This month our Founding Executive Council (FEC) members met and discussed the barriers and challenges of ensuring that clinicians and caregivers support end of life discussions with patients. It was a rich and varied conversation. Some of the usual barriers emerged in terms of the discomfort that clinicians have with talking about death in general, the uncertainty of when in the course of a patient’s trajectory to raise the topic, as well as the concern over how to prepare a patient for the conversation itself and how to offer the right time and space for the discussion.

    Not surprisingly, findings from national patient experience data underscore the benefits of having end of life conversations for patients, their families and even the hospital organization. Patients who report being given information about their end of life options evaluate their hospital experience more favorably. And family members who have experienced hospice care for a loved one almost never report that hospice care was begun ‘too early.’ With benefits that are so apparent, why aren't end of life discussions more common? What can we do to encourage and support them?

    The FEC members discussed a number of initiatives within their own organizations to promote good end of life discussions and documentation. A few key themes and approaches emerged, including:

    • Learn by doing. Several FEC members described training programs in place to help staff know when and how to broach the topic. Interestingly, one organization encourages their clinicians and caregivers to address their own end of life planning as part of their training. By going through the process and formalizing their choice of alternate decision-makers and value trade-offs, they become more comfortable with the process and have authentic personal experience to share.
    • Start the conversation early. Another theme that emerged was the move to make end of life discussions a more routine part of care that is addressed earlier in the patient’s trajectory. By standardizing questions, discussion and documentation for patients– not just those in decline–some of the emotional intensity is removed so that clinicians become more comfortable with the topic and there is more time for patients to thoughtfully consider their wishes.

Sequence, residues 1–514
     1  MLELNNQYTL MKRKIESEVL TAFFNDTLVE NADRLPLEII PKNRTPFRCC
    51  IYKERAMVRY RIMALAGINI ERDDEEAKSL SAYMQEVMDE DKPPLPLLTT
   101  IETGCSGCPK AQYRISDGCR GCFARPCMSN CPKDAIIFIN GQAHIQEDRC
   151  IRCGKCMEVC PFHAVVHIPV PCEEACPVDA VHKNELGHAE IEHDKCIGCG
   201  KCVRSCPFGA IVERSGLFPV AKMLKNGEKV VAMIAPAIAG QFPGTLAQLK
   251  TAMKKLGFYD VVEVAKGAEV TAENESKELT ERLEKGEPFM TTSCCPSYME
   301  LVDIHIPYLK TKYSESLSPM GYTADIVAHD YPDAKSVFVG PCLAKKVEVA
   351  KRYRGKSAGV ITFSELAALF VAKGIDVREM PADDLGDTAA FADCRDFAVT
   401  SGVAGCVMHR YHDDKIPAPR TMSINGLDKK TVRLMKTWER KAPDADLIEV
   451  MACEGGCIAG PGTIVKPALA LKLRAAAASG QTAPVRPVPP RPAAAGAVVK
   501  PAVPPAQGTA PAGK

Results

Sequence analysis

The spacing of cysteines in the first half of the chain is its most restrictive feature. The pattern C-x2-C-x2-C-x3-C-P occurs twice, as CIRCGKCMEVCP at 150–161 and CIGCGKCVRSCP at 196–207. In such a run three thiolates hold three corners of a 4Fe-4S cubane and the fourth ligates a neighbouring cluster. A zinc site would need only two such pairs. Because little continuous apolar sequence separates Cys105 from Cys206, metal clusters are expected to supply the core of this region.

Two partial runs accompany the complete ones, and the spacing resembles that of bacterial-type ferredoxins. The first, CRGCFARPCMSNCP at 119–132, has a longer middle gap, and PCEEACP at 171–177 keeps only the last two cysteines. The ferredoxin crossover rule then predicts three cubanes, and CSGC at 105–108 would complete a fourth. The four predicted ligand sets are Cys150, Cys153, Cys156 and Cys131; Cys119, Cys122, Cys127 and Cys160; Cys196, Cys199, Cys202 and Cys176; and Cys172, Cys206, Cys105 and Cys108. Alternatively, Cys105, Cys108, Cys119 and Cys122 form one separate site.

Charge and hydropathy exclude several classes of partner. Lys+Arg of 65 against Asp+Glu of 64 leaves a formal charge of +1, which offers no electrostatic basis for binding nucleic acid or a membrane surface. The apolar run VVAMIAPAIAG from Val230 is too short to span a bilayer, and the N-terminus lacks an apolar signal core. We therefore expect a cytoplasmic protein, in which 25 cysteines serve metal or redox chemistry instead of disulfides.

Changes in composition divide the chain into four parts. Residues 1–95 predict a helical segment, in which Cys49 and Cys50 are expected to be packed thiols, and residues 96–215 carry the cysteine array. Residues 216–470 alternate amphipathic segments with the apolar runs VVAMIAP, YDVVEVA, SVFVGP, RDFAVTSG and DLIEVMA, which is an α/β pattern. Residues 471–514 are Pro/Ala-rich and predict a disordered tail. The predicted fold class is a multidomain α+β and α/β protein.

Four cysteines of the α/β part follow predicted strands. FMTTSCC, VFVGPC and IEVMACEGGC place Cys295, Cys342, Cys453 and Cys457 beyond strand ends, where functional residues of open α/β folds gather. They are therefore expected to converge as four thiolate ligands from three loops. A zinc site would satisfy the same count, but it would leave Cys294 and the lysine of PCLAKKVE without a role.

• Use words that convey a personal connection. We also discussed the importance of language and the choice of words that are used. For example, asking a patient “What do you hope for?” allows a clinician to elicit information about goals and values but importantly conveys an emotional concern for the patient and an interest in sharing in their hopes.
    Don’t all of us need someone to understand our hopes? At the end of life, this may be the most important medicine of all. Let’s keep the conversation going. Please email Institute: End of Life Best Practices and let us know what your organization is doing to promote end of life discussions and decision-making.

  • Do Healthy Patients Have Higher Expectations or Do Sicker Patients Have More Unmet Needs? The Relationship between Health Status & Patient Needs

    by Deirdre Mylod, PhD, Executive Director, Institute for Innovation

    When patients provide feedback about care quality, they bring a complex mix of needs, expectations and evaluations to the equation. Some believe that a healthier person brings with them higher expectations of speed, convenience and amenities from their healthcare experience. The assumption is that healthier patients are more critical because their relative good health affords them the opportunity to compare their experience to other types of service environments.